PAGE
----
Subscribe Now Don't miss anything we post. Join our email list today!

How Yoga Helps Depression And Anxiety

Yoga Really Does Make A Difference

If you have ever been depressed or have issues of high anxiety, you understand just how hard it can be to do anything. What would be trivial to most people like making a bed or taking a few steps down the hall, can feel like a mountain on the chest of someone dealing with depression. Depression is a serious condition and should be treated by a professional. One of the wonderful benefits of yoga is that given the right poses and environment, it has therapeutic capabilities that can help those dealing with increased anxiety and depression.
The following article explains just how yoga can help those suffering from depression and addiction. The studies described in the article goes a long way to explaining how yoga can help. This is great news for those seeking alternatives to medication.

See the article below and be sure to share this with those that could use some yoga in their lives.

By Therese Borchard

Yoga Helps With Detoxification

“Ninety-five percent of all disease is a result of nutritional deficiency or toxicity,” explains Steven J. Saltzman, MD, an anesthesiologist with an interest in integrative medicine who practices Bikram yoga himself, in a question-and-answer session about the medical benefits of hot yoga that I recently attended. Most of our toxins are stored in fat cells just beneath the skin, so we release them by sweating the way we do in a 105-degree room.

Yoga Helps You Control Your Breath and More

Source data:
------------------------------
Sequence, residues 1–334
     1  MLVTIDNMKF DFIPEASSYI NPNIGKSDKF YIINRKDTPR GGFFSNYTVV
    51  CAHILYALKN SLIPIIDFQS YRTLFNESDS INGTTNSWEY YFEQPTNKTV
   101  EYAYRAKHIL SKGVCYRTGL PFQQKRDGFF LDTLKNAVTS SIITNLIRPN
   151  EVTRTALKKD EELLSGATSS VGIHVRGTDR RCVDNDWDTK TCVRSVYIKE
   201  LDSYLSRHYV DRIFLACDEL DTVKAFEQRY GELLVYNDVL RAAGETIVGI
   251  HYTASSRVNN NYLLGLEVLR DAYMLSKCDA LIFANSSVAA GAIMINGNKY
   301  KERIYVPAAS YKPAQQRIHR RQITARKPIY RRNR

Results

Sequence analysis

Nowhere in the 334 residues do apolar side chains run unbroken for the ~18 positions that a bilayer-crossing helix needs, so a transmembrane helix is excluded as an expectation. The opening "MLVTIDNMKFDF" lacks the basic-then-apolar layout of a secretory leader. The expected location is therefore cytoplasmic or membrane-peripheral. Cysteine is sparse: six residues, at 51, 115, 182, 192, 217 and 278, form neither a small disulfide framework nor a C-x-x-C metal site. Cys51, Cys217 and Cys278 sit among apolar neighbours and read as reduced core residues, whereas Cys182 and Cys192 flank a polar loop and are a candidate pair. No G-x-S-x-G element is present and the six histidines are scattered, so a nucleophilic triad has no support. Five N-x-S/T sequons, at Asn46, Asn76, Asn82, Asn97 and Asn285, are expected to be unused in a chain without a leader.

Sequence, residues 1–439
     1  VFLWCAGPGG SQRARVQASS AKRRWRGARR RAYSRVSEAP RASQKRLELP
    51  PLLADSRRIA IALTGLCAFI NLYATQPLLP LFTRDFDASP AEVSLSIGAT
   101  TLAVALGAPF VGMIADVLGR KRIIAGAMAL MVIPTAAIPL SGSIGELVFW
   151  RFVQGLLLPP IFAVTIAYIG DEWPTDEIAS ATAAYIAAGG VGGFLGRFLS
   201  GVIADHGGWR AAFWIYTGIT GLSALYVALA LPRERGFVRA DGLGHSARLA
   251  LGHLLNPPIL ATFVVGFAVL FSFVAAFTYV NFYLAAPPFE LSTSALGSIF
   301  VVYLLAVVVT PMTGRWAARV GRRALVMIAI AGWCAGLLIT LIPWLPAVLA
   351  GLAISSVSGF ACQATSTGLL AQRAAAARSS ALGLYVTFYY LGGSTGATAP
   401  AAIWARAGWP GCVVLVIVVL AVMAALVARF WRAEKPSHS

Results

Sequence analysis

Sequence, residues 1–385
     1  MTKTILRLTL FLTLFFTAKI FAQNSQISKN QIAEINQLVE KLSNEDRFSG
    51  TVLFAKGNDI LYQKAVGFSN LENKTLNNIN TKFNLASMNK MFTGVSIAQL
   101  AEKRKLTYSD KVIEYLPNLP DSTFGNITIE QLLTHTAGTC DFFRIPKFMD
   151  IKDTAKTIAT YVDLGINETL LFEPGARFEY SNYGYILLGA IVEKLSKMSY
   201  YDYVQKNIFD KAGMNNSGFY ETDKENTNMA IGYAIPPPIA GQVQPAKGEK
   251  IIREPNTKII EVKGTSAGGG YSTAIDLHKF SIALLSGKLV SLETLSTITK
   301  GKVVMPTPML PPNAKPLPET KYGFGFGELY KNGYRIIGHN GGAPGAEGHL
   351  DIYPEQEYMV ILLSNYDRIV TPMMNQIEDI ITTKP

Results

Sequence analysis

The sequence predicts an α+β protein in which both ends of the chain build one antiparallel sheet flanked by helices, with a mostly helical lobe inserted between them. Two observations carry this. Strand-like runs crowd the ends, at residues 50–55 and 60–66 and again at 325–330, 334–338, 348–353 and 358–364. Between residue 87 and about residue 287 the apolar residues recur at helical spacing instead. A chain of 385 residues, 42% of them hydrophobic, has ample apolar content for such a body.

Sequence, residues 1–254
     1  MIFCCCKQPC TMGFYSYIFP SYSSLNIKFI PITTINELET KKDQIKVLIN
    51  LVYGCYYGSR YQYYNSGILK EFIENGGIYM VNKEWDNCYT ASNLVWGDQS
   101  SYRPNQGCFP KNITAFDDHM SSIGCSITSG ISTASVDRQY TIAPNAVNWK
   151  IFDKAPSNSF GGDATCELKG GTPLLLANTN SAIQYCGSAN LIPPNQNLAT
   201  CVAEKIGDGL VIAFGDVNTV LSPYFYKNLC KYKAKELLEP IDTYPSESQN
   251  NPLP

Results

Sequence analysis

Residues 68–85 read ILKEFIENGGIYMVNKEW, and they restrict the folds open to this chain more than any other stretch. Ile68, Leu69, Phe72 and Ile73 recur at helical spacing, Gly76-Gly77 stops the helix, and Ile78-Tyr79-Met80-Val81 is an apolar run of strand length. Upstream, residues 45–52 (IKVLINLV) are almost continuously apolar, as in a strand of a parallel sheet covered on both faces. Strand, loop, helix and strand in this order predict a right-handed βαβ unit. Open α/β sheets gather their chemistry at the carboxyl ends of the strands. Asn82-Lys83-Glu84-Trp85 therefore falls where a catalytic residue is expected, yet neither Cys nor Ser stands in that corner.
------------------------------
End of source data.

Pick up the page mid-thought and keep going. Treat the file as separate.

Learning how to breathe is a critical component of the yoga practice. If we stay on our mat and don’t lift a leg, but can maintain calm, stable breathing in the hot room, we are still receiving medical benefits from the class, a yoga teacher told me recently. Why is the breathing so important?

“By voluntarily changing the rate, depth, and pattern of breathing, we can change the messages being sent from the body’s respiratory system to the brain,” explain Richard P. Brown, MD, and Patricia L. Gerbarg, MD, in their book, The Healing Power of the Breath. “In this way, breathing techniques provide a portal to the autonomic communication network through which we can, by changing our breathing patterns, send specific messages to the brain using the language of the body — a language the brain understands and to which it responds.”

Bikram designed a breathing exercise, pranayama, to introduce each class because he believes that “improving the function of the lungs is almost always the first repair that needs doing.” Properly functioning lungs send fresh oxygen throughout the body, purifying our blood.

Yoga Provides You With a Caring Community

“The yoga community is one of the most supportive communities of compassionate individuals you’ll ever meet,” explains Sara in her TEDx talk. “We all struggle, thrive, fail, and persevere on the mat together. That’s how to learn what we say in yoga, Namaste, ‘the light within me acknowledges the light within you.’”

I have found this to be the case with my own group of yogis. There is a group of us that show up at 9 a.m. almost every day to fight together. Many of us are battling some kind of chronic illness, and all of us are trying to clear the mental clutter from our brains to make room for more positive and peaceful emotions. It’s extraordinarily encouraging to me to have them beside me as I meet my demons on the mat.

See the full article from here.

To Your Health And Wellness!

Did you enjoy this article?
Signup today and receive free updates straight in your inbox. We will never share or sell your email address.
I agree to have my personal information transfered to AWeber ( more information )